Technology and Society

Building our Sociotechnical Future

ISBN: 9780262539968 | Copyright 2021

Click here to preview

Instructor Requests

Digital Exam/Desk Copy Print Desk Copy Ancillaries
Tabs
Expand/Collapse All
Title page (pg. i)
Series Title (pg. ii)
Title (pg. iii)
Contents (pg. v)
Introduction (pg. 1)
I Visions of a Technological Future (pg. 7)
1 The Machine Stops (pg. 11)
Part I: The Air-Ship (pg. 11)
Part II: The Mending Apparatus (pg. 19)
Part III: The Homeless (pg. 25)
2 The Prolongation of Life (pg. 33)
Notes (pg. 42)
3 Reproductive Ectogenesis: The Third Era of Human Reproduction and Some Moral Consequences (pg. 45)
Using Fictional Stories to Explore Conceptual and Moral Problems (pg. 46)
The Future Scenario of Pig Pharmaceuticals Limited (pg. 47)
The Ethicist’s View (pg. 49)
Comments on the Possibility, the Consequences and Desirability of Reproductive Ectogenesis (pg. 50)
Acknowledgment (pg. 53)
Personal Note (pg. 53)
Notes (pg. 53)
4 Eight Great Technologies (pg. 55)
1 Big Data (pg. 59)
2 Space (pg. 60)
3 Robotics and Autonomous Systems (pg. 60)
4 Synthetic Biology (pg. 61)
5 Regenerative Medicine (pg. 61)
6 Agri-science (pg. 62)
7 Advanced Materials (pg. 62)
8 Energy (pg. 63)
Conclusion: A Date for Your Diary (pg. 65)
5 Why the Future Doesn’t Need Us (pg. 67)
The New Luddite Challenge (pg. 68)
Notes (pg. 85)
6 Sultana’s Dream (pg. 87)
Notes (pg. 94)
II The Relationship Between Technology and Society (pg. 95)
7 Do Machines Make History? (pg. 99)
Notes (pg. 106)
8 The Social Construction of Facts and Artifacts (pg. 109)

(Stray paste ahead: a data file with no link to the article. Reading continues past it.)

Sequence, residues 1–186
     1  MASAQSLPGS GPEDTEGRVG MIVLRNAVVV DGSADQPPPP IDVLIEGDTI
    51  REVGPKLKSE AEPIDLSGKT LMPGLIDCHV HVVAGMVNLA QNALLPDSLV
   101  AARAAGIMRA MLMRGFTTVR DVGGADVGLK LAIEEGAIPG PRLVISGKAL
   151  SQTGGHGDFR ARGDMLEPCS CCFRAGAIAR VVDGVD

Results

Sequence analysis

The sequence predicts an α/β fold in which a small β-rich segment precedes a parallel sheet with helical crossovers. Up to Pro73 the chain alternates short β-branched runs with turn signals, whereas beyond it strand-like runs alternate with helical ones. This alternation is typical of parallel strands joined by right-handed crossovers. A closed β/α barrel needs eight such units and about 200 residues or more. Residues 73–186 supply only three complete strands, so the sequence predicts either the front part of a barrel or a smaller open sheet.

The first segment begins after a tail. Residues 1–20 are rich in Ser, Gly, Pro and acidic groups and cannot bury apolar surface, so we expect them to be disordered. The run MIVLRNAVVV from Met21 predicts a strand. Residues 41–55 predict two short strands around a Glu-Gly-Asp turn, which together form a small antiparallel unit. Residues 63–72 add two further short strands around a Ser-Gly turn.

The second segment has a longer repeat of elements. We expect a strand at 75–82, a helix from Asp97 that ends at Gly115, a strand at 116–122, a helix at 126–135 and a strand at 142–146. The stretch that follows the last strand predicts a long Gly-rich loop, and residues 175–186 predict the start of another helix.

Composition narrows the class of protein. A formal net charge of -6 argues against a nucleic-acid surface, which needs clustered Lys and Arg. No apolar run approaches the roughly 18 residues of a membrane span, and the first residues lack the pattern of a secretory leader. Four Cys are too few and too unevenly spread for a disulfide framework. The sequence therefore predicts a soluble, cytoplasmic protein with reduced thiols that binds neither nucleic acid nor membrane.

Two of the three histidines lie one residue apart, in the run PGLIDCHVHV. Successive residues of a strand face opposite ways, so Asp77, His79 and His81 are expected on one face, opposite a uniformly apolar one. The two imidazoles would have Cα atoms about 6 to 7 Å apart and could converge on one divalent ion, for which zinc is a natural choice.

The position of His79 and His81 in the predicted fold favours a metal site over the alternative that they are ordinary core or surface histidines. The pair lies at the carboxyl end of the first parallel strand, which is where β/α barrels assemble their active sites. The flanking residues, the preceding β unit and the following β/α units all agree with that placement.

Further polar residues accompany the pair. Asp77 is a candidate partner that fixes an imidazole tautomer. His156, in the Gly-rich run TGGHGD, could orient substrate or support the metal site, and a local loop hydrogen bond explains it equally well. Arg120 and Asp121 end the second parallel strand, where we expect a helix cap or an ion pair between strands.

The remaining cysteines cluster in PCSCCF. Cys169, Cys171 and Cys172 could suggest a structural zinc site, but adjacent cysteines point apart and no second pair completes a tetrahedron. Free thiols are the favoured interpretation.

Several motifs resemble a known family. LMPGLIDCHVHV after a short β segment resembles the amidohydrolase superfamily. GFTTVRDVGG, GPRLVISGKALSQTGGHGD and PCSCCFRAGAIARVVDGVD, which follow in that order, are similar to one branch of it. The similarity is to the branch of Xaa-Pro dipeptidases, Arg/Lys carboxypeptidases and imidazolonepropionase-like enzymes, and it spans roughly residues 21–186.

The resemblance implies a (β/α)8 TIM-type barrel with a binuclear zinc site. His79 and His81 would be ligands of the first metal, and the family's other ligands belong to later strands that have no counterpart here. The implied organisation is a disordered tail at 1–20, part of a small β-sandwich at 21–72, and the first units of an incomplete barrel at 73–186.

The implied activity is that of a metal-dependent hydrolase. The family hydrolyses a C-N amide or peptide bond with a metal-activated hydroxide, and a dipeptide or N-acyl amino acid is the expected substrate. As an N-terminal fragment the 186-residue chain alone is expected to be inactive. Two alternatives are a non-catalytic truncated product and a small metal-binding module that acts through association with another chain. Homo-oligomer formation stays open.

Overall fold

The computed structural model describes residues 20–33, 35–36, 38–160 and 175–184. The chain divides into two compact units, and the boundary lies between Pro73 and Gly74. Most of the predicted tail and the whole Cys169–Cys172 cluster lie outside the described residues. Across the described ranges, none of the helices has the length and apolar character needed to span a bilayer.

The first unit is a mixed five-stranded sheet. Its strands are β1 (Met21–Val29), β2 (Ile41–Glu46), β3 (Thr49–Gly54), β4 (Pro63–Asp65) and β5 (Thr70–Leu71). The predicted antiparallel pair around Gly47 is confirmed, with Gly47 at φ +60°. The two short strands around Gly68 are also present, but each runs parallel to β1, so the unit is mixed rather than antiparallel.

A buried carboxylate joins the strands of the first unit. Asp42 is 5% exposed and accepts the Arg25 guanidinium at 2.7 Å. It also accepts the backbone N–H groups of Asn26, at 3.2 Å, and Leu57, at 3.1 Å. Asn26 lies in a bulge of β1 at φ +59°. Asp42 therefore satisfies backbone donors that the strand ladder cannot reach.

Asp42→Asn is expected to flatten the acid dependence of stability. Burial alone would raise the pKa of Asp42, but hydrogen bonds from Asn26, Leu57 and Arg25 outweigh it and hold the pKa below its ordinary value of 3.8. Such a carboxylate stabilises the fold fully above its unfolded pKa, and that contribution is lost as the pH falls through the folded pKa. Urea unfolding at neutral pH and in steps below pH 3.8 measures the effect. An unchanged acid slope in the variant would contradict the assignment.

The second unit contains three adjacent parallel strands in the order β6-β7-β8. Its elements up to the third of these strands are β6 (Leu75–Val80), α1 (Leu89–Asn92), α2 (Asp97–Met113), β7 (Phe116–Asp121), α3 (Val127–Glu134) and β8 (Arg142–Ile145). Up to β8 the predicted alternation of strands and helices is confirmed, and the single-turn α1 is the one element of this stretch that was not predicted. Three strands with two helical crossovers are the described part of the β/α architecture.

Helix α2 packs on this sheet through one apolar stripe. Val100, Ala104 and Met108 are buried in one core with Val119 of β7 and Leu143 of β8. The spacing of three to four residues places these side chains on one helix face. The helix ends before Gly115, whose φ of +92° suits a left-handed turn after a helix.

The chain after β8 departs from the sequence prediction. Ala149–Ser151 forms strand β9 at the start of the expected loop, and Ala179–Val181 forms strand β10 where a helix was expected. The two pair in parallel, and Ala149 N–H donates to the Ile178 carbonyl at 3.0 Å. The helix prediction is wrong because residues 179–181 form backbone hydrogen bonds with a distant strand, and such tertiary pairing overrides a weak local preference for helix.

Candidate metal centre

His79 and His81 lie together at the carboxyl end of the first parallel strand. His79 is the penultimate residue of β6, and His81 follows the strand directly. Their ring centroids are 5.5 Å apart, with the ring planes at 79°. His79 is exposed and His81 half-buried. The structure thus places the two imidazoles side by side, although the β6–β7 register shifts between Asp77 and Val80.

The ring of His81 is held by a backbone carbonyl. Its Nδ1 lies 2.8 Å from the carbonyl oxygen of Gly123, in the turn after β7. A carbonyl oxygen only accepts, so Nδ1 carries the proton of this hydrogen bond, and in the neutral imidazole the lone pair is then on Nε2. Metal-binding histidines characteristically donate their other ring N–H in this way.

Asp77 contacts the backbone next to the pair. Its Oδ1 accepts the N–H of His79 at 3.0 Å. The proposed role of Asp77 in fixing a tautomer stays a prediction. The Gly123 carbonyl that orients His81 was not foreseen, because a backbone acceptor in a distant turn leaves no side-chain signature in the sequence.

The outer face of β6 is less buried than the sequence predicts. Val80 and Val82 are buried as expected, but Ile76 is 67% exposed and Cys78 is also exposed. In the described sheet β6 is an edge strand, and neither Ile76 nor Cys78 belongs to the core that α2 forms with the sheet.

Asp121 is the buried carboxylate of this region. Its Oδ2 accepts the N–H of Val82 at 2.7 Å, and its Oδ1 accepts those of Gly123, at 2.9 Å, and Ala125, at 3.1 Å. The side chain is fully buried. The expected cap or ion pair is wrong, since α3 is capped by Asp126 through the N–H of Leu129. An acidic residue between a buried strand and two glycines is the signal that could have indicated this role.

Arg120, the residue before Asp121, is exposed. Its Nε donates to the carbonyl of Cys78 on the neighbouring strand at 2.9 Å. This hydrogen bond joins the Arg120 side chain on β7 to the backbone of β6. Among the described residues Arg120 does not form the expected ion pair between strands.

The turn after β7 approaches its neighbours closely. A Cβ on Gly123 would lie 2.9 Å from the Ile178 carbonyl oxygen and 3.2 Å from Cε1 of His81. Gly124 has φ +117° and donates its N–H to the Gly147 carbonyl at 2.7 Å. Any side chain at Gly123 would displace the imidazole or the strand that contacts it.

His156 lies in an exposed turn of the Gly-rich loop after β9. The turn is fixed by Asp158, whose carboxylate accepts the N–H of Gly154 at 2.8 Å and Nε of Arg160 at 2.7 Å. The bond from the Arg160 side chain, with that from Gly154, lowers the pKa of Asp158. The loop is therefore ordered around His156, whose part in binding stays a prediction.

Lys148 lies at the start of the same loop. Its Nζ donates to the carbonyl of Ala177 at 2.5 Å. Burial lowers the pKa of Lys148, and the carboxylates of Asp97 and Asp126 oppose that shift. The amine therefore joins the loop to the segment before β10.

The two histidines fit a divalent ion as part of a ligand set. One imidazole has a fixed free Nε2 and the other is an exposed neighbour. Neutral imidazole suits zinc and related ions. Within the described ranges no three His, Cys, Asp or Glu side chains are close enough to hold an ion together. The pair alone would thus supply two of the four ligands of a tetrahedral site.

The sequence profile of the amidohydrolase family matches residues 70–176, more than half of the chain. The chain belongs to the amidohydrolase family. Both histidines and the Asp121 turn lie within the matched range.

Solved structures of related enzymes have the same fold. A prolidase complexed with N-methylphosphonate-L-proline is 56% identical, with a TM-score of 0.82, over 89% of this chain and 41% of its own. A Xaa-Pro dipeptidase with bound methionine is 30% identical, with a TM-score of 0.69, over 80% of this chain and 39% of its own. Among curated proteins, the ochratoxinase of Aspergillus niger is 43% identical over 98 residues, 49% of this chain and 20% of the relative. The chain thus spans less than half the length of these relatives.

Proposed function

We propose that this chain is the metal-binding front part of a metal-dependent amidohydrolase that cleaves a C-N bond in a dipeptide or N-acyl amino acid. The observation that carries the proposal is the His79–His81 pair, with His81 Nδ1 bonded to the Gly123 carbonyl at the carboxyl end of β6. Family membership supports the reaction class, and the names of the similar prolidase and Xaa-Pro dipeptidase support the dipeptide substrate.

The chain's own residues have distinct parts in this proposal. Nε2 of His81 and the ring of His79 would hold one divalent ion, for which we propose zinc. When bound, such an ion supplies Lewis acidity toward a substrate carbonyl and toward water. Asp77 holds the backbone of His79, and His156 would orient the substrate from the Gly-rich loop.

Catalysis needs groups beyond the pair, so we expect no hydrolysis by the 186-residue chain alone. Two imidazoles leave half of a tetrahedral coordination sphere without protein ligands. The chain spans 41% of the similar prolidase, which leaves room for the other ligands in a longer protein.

Technology Studies (pg. 109)
EPOR and SCOT (pg. 112)
The Social Construction of Facts and Artifacts (pg. 121)
Conclusion (pg. 128)
Notes (pg. 129)
References (pg. 131)
9 Technological Momentum (pg. 137)
Technological Systems (pg. 139)
EBASCO as a Cause and an Effect (pg. 140)
Gathering Technological Momentum (pg. 140)
Characteristics of Momentum (pg. 141)
Using Momentum (pg. 143)
Conclusion (pg. 143)
Notes (pg. 144)
10 Where Are the Missing Masses? The Sociology of a Few Mundane Artifacts (pg. 147)
Description of a Door (pg. 149)
Delegation to Humans (pg. 151)
Delegation to Nonhumans (pg. 152)
Anthropomorphism (pg. 154)
Built-In Users and Authors (pg. 155)
Figurative and Nonfigurative Characters (pg. 157)
From Nonhumans to Superhumans (pg. 161)
Texts and Machines (pg. 163)
Notes (pg. 168)
References (pg. 171)
11 Gender: The Missing Factor in STS (pg. 173)
Feminist Studies of Science and Technology (pg. 174)
The STS Perspective (pg. 176)
The Importance of Gender (pg. 178)
Notes (pg. 180)
References (pg. 181)
11139_003 (pg. 185)
12 Do Artifacts Have Politics? (pg. 189)
Technical Arrangements and Social Order (pg. 191)
Inherently Political Technologies (pg. 196)
Notes (pg. 202)
13 Control: Human and Nonhuman Robots (pg. 205)
Controlling Employees (pg. 206)
Controlling Customers (pg. 212)
The Ultimate Examples of Control? Birth and Death (pg. 217)
Conclusion (pg. 223)
Notes (pg. 224)
14 White (pg. 229)
Lighting for Whiteness (pg. 230)
Notes (pg. 234)
References (pg. 234)
15 Manufacturing Gender in Commercial and Military Cockpit Design (pg. 237)
Technological Bias in Existing Aircraft (pg. 237)
Technological Bias within Defense Aircraft (pg. 238)